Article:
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    It’s a nice idea to explain all these cryptic incantations. One of my pet peeves is mixing languages in an uncontrolled way, and it looks like Github Actions sort of encourages that. Sometimes it leads to code injection bugs, but it’s almost always hard to read, so I just avoid it all the time.

    One way to avoid it here would be to start off the script with:

    # initialize variables from Github Actions API
    github_event_ref=${{ github.event.ref }}
    github_token=${{ secrets.GITHUB_TOKEN }}
    

    And then use normal shell substitution for the rest. Mixing in the ${{ }} syntax is too close to shell’s ${} and $() IMO.

    This is similar to my recent comment here to avoid concatenation of shell code: https://lobste.rs/s/9yu5sl/after_discussion_here_i_created_lib_for#c_paq9ch (although unfortunately I added a caveat that it’s risky in bash and ksh derivatives, although it is more readable IMO. That use case is for security and this one isn’t though.)


    This is not very actionable, but shells actually use temp files to implement here docs, including here strings, but Oil doesn’t. A regex would avoid that, although it may not be more readable. It’s crazy what people make do with in shell :)

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      Another nitpick: it seems weird to me to use IFS=/ to split by /, and then use awk -F/ to print the last field. It’s 2 different syntaxes and 2 different tools for essentially the same thing.

      Both can be done with regexes (which also avoids temp files). Bash supports ERE regex syntax with capturing via [[ $x =~ $pat ]] and the $BASH_REMATCH array.

      It’s not the prettiest code, but neither is using IFS or awk. And it has caveats like everything in bash – you should always make the regex a constant string, rather than putting it online, because they botched the quoting (and even the bash manual says this.)

      Something like:

      regex1='(.*)/(.*)'
      if [[ $GITHUB_REPOSITORY =~ $regex1 ]]; then
        owner=${BASH_REMATCH[1]}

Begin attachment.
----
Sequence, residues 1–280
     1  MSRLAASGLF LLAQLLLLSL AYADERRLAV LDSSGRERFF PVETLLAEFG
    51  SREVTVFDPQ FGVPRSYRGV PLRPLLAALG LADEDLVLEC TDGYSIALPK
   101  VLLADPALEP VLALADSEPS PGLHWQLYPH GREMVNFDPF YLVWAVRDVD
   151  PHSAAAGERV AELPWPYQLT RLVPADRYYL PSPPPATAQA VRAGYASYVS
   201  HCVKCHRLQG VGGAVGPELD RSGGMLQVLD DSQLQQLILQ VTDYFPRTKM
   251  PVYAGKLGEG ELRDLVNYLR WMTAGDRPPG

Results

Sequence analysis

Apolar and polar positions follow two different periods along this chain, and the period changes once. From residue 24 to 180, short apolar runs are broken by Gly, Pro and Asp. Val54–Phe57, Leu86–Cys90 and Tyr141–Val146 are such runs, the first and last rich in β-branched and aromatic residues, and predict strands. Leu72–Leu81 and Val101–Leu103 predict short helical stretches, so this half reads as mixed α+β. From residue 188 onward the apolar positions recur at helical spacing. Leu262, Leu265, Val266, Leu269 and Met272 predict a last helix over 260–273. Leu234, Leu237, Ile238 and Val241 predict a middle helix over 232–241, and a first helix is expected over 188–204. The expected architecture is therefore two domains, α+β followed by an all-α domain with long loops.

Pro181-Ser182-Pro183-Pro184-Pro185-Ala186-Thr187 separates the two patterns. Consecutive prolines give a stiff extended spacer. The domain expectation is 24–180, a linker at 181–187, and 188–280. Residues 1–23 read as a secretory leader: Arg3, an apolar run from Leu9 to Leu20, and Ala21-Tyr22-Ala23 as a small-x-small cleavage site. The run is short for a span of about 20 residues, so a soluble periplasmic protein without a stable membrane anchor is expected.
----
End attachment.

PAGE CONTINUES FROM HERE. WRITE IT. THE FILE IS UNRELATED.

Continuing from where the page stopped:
repository=${BASH_REMATCH[2]}
      fi
      
      regex2='([^/]*)$'
      if [[ $github_event_ref =~ $regex2 ]]; then
        head_ref_name=${BASH_REMATCH[1]}
      fi
      

      Notes:

      1. tested minimally
      2. quotes aren’t required within [[ ]] because it’s part of the language. Not required after = either.

      This might make a good blog post for rewrites in Eggex

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        Could also get these values with bash parameter expansion

        owner=${GITHUB_REPOSITORY#*/}
        repository=${GITHUB_REPOSITORY%%/*}
        head_ref_name='${{ github.event.ref }}'
        head_ref_name=${head_ref_name##*/}
        
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          I haven’t suggested to the original shell incantations’ author that they use this approach, but I do think it’s lovely. That said, I do also think that it’s less well known; while I’ve used Bash for a while, I’ve used it in “general shell mode” first, i.e. combining other commands and builtins, rather than dig into any specific Bash features like this. I think mostly because my general shell mode thinking has blinded me to the deeper and more detailed Bash possibilities. I wonder how many others are like me on this.

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          Might as well do the eggex rewrite while I’m waiting for a job to finish :)

          # <> is capturing (because () is plain grouping)
          regex1 = / <dot*> '/' <dot*> /  
          if (GITHUB_REPOSITORY ~ regex1) {
             owner = _match(1)
             repository = _match(2)
          }
          
          # ! negates a character class, zero-width patterns start with %
          regex2 = / < ![ '/' ]* > %end /  
          if (github_event_ref ~ regex2) {
             head_ref_name = _match(1)
          }